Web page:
The search didn't provide clues regarding the boys' whereabouts, and little by little, people started to suspect that Samuel and Susanna Cox were the ones responsible for the disappearance of Joseph and George. They searched their cabin and areas near the home but nothing was found, per The Lineup. Nearly two weeks after Joseph and George Cox went missing, a farmer named Jacob Dibert started having vivid dreams. In it, he was looking for a deer carcass in the forest when he stumbled upon a child's shoe near a stream and a ravine. Following the trail, he used a fallen tree to cross the stream, and it was there where he discovered the bodies of the Cox boys.

Dibert shared the details of his dream with his wife, but he didn't alert anyone else. However, he continued to have the same dream a few more nights, and that was when he told his brother-in-law, Harrison Whysong, about it, as reported by We Are Central PA. Upon hearing the details, Whysong said that he might know the location that Dibert described. The two proceeded to go to the site and little by little, Dibert's dream was becoming reality. They came across a dead deer, a child's shoe, and a fallen tree that allowed them to go across a ravine. When they got to the other side, they discovered the dead bodies of the Cox boys by the roots of a birch tree.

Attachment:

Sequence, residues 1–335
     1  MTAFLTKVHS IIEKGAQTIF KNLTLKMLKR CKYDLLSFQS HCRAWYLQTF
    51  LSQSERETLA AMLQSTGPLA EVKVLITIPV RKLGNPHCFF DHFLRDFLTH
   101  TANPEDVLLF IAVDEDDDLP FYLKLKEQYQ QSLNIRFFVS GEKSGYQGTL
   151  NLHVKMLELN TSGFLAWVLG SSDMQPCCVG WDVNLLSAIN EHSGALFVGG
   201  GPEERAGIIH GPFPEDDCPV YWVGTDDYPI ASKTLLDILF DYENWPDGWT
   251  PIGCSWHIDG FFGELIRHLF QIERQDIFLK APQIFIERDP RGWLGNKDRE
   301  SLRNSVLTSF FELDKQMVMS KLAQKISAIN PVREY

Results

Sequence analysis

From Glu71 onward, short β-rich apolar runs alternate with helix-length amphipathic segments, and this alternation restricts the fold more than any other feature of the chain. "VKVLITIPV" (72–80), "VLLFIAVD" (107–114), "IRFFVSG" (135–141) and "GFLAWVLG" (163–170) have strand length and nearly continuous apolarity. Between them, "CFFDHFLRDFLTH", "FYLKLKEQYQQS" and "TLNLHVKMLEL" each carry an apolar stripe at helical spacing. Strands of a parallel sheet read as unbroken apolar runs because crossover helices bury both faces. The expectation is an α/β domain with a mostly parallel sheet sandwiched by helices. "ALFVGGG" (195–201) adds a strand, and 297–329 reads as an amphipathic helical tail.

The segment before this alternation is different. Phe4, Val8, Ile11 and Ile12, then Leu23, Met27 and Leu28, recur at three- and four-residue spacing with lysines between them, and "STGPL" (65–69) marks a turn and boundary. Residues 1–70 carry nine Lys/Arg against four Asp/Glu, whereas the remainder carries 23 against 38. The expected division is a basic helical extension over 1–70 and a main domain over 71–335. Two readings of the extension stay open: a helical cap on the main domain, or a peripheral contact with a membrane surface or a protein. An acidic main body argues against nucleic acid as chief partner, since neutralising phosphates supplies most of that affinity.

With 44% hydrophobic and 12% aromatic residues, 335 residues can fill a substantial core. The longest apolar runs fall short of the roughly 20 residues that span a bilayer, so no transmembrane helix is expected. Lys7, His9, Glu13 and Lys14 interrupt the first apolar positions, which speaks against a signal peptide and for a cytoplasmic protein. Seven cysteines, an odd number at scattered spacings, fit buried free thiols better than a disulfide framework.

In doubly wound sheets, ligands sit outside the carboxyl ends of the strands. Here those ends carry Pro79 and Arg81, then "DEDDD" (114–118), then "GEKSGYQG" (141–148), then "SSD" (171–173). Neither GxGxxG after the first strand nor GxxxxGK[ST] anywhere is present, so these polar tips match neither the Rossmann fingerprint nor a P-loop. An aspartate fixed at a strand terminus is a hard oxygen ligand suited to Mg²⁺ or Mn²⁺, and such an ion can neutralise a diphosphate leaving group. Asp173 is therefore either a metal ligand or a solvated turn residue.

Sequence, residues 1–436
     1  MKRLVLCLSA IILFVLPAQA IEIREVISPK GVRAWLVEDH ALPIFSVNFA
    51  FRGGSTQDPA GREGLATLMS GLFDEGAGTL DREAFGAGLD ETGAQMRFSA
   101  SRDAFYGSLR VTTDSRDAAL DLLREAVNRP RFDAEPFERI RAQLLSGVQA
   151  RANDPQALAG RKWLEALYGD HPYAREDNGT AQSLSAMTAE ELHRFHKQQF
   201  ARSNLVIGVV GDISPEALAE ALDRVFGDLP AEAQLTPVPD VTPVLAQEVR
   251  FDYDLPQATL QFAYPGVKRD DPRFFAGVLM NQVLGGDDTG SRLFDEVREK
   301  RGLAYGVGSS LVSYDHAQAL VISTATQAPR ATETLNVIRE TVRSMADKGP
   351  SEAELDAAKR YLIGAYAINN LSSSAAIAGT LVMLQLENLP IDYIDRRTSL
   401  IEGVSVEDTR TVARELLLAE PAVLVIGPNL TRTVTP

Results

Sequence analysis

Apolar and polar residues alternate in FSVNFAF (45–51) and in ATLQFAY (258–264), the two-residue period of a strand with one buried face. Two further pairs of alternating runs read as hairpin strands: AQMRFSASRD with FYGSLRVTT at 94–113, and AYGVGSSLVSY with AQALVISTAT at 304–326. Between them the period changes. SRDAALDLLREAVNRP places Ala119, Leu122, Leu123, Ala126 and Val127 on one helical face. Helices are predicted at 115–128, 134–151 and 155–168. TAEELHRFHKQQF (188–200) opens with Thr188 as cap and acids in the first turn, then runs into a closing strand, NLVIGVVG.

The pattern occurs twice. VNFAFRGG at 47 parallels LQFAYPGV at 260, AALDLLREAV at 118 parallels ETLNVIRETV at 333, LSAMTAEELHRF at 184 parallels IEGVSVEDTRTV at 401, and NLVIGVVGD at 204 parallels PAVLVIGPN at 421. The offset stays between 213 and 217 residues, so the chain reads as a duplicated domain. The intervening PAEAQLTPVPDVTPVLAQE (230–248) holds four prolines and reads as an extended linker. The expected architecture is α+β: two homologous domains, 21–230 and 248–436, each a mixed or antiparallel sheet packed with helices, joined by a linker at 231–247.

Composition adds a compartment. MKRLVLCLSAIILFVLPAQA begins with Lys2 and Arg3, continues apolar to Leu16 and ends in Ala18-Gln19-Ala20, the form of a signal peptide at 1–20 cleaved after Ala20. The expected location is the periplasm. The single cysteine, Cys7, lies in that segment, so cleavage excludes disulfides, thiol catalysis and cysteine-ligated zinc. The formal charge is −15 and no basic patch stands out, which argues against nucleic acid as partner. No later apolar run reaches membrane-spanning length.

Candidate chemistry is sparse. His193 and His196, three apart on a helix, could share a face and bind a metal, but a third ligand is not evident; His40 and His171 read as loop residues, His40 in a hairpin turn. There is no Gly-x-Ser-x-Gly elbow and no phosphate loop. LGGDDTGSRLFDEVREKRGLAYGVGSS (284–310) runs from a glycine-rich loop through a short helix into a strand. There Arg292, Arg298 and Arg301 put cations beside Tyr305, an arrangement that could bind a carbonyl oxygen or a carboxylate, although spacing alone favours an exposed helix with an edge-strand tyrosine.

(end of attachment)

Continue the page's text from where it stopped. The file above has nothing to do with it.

The children's cause of death

The circumstances surrounding the discovery of Joseph and George Cox's bodies were unusual, and it seemed suspicious that Jacob Dibert knew exactly where to find them just by following his dream if he didn't have anything to do with their deaths. By today's standards, it is most likely that he would have been a suspect in the investigation or at least thoroughly questioned. However, as reported by The Lineup, there was no evidence to support that there was foul play involved; it looked like the children died from exposure to the elements.

It was suspected that they, indeed, followed their father into the forest and got lost in the forest. At the time of their disappearance, it was nearing nightfall, and it would have been easy for the children to get lost in the dark. And although a thorough search of the area was done, the location where they were found wasn't searched, as they assumed the boys wouldn't have been able to cross the creek. The bodies were found huddled together, and they may have died of hypothermia.

The Lost Children of the Alleghenies Monument

In 1906, 50 years after Joseph and Georg Cox's death, the community raised funds to erect a monument in honor of the Lost Children of the Alleghenies. The structure was built in 1910 when there was enough money collected, and a fence was built to protect it from vandalism, according to the Pennsylvania Mountains of Attractions. Today, many visitors trek to the site where the boys' bodies were found and leave mementos.

Many who have visited the location reported strange occurrences, leading them to believe that the boys' spirits still haunt the place where they died. Some said they've heard children's voices and footsteps, while others claim to have seen children's footprints on the ground, per The Washington Times. The Cox Monument has since been an attraction in Pennsylvania, and there's a sign that tells the story of The Lost Children of the Alleghenies and how Jacob Dibert's dream provided the community closure to the tragedy.